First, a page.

The Yemeni Civil War – Paroma Mehta, India

DISCLAIMER: This article is not a complete retelling of the events in the Republic of Yemen and is merely an explanation of the positions of the different parties in the war. The author strongly recommends further reading on the topic.

Since March 2015, over 10,000 people have died in the Yemeni Civil War. Cities across Yemen have been bombed for over a year by various parties, such as the religious-political Houthis or even by countries like Saudi Arabia and the USA. The war is said to have begun with the -relatively unsuccessful- transition of power from the former president Ali Abdullah Saleh to Abd Rabbuh Mansur Hadi, his vice president. However, what did truly begin the war?


Ali Abdulla Saleh’s presidency began in 1978. Saleh was a member of the General People’s Congress, a party founded by him before the unification of the Yemen Arab Republic in 1990. In the 1980s, the party claimed to be “less a political party… and more an ‘alternative to party politics.’” The party’s main ideology is Arab nationalism.

During the Arab Spring, Saleh’s government was ousted from power due to popular opposition and Saleh’s own failings as a president. Saleh was president when the reunification of Yemen occurred in the 1990s, but a lot of Yemenis believe that the “Saleh regime probably stole from Yemen whatever chance for a promising future it had in 1980.” Under Saleh, Yemen’s social, economic and political situations worsened until 2012, when Abd-Rabbu Mansour Hadi came to power. Hadi won the presidential election with a stunning 99% of the votes and even gained support from the rebels and supporters of the uprisings. However, as his term progressed, Hadi started to face opposition, much like his predecessor. By 2015, his government was out of power due to popular resistance in Yemen. This political chaos was one of the key causes of the war.


Another tense factor that added to the war was the Zaydi Houthi movement. A religious-political movement, it originated from Northern Yemen in the 1990s and fought against Saleh throughout almost his entire second term (2006-2012). During the War on Terror, the tensest conflict was between the Houthis and the Saleh regime. The Houthis have continued to criticise the Saleh administration since 2004, which is evident in their slogan – “God is Great; Death to America; Death to Israel; Damnation to the Jews; Victory to Islam.”

The Houthis’ opposition to the Yemeni government continued through both Saleh’s and Hadi’s terms as president. On September 21st 2014, the Houthis succeeded in taking over the city of Sana’a. In February 2015, due to Houthi pressure, Hadi resigned and fled to the city of Aden.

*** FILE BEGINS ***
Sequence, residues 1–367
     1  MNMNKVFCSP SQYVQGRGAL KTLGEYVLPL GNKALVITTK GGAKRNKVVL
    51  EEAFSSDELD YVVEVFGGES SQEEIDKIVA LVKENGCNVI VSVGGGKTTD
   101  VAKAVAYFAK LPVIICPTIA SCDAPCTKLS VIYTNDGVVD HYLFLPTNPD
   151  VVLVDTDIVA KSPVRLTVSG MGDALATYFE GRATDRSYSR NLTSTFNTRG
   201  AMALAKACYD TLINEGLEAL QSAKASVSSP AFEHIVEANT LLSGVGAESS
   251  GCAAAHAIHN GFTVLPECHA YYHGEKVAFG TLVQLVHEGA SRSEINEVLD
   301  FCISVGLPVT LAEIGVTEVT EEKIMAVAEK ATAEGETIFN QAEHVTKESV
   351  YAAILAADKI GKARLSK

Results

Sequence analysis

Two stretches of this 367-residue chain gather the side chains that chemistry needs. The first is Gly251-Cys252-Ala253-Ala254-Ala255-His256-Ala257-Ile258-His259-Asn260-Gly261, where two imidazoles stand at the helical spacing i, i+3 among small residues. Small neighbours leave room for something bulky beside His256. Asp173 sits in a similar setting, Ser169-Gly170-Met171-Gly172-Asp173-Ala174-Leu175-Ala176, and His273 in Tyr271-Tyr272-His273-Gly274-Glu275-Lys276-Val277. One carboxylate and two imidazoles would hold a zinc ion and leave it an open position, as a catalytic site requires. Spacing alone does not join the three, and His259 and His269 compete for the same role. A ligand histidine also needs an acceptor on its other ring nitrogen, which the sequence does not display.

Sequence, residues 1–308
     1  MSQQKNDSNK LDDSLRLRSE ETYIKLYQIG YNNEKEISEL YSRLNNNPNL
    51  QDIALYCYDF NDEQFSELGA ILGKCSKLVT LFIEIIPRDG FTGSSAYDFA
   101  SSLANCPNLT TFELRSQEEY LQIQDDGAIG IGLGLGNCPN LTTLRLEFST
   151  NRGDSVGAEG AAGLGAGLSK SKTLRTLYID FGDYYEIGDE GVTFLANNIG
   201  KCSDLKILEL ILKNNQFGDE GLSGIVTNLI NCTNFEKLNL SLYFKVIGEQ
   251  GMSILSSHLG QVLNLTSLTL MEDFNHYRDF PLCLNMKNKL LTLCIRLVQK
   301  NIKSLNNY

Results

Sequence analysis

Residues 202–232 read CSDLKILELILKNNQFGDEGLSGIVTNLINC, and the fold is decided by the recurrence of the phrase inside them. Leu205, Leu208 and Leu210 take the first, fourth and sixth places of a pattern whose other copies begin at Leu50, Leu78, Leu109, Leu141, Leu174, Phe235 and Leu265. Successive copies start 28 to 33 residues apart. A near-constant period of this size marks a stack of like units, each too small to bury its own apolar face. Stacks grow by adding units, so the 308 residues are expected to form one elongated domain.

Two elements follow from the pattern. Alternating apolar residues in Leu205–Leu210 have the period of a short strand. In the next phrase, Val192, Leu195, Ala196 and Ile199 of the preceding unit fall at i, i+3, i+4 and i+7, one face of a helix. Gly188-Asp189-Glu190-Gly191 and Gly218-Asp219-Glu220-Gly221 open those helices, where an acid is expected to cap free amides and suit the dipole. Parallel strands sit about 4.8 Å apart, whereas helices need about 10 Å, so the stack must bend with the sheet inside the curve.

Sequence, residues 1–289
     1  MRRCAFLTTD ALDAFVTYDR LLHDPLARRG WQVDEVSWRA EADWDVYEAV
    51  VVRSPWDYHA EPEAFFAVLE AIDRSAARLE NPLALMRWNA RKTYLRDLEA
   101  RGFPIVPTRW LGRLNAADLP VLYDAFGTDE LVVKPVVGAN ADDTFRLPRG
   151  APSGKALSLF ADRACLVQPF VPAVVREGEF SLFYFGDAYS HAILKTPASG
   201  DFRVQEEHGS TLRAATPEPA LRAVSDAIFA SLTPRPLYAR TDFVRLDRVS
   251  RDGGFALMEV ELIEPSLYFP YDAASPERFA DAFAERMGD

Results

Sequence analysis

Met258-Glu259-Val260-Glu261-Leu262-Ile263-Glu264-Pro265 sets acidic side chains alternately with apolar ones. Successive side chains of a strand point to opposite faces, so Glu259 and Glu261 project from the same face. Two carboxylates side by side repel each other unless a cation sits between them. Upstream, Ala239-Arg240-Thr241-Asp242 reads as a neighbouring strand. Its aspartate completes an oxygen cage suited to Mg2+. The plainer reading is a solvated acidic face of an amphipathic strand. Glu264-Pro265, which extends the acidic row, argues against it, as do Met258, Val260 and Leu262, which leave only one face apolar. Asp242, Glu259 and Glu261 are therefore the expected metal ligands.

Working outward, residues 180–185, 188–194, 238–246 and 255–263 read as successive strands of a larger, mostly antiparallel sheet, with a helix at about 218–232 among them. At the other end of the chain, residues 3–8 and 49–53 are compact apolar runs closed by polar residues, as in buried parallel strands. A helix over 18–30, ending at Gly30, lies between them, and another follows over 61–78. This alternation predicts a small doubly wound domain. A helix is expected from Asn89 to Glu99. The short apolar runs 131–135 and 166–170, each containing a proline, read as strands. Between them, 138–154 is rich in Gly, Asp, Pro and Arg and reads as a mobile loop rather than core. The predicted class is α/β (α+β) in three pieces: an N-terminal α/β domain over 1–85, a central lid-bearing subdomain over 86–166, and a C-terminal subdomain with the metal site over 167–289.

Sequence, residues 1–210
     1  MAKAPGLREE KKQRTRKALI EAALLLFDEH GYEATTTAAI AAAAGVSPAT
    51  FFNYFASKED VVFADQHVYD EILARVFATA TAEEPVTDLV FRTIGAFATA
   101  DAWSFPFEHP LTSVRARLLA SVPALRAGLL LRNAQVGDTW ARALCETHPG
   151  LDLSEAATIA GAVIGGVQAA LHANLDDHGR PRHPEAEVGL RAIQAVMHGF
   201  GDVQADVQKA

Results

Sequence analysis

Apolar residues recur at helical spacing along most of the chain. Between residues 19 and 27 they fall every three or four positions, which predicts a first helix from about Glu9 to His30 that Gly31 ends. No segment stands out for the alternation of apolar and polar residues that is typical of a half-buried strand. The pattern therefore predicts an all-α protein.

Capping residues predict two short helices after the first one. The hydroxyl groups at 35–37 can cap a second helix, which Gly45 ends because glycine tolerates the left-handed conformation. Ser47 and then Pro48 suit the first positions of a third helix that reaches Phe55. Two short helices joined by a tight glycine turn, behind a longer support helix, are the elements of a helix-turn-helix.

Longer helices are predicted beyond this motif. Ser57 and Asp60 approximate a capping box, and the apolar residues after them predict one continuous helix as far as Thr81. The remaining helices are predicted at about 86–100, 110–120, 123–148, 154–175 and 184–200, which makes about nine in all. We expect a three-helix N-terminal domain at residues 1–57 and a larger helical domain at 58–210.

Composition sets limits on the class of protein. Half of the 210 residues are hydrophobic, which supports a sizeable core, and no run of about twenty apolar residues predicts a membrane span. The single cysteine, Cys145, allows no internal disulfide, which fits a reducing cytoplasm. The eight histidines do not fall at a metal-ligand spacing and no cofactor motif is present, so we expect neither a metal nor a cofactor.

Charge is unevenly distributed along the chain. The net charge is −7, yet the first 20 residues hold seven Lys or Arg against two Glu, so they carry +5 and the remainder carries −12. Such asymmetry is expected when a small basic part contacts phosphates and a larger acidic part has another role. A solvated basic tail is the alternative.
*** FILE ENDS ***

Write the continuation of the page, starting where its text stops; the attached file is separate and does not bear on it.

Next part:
After the dissolution of the Yemeni government, the Houthis formed their own form of government in November 2016, resulting in criticism from representatives of Hadi. In terms of Yemeni national support, the Houthi movement flourished as command structure, allowing people from diverse Yemeni backgrounds to join in. However, in the international eye, many people see them as an obstacle to peace in Yemen due to their violent activity, lack of support for the United Nations and violation of human rights.


In addition to this, foreign involvement has degraded the situation in Yemen. Countries within the Middle East, namely Iran and Saudi Arabia, have been heavily involved in Yemen, militarily talking, for as long as two years. Iran has supported the Houthis for a long time and has also provided them with military support and weapons; including, but not limited to, 1,500 AK-47 rifles, 200 rocket-propelled grenade (RPG) launchers, and 21.50-caliber machine guns, according to a statement by the US Navy.

On the other hand, Saudi Arabia has expressed support for Hadi’s government and the suppression of the Houthi movement as a whole. In order to achieve this, Saudi Arabia formed a coalition bloc with nations such as the UAE, Bahrain, Egypt, Morocco, Qatar, Jordan, Sudan and Kuwait. Even so, a majority of people believes that Saudi intervention in the war is adding to the harm already present in the country. The United States has also been involved, financially aiding the Saudis in fighting the Houthis in March 2015 and then finally firing missiles themselves in October 2016.

Peacekeeping organisations like the United Nations have also tried to get involved to find an end to the war. However, even after months of trying to come up with peace plans alongside the Houthis, it doesn’t seem like the conflict in Yemen will be solved anytime soon.

The media coverage regarding this war has been so light that Jamie McGoldrick, UN humanitarian official affirmed that “The world has turned a blind eye to what’s happening in Yemen.”

Meanwhile, the situation in Yemen continues to worsen. Yemen’s citizens are unable to feed themselves and the country is on the brink of famine. Children are born prematurely and cities are being attacked. Yemen was already one of the poorest Middle Eastern nations but its economy is weakening by the day. The Yemeni Civil War has left the country in shambles and the people of Yemen are still suffering every single day.

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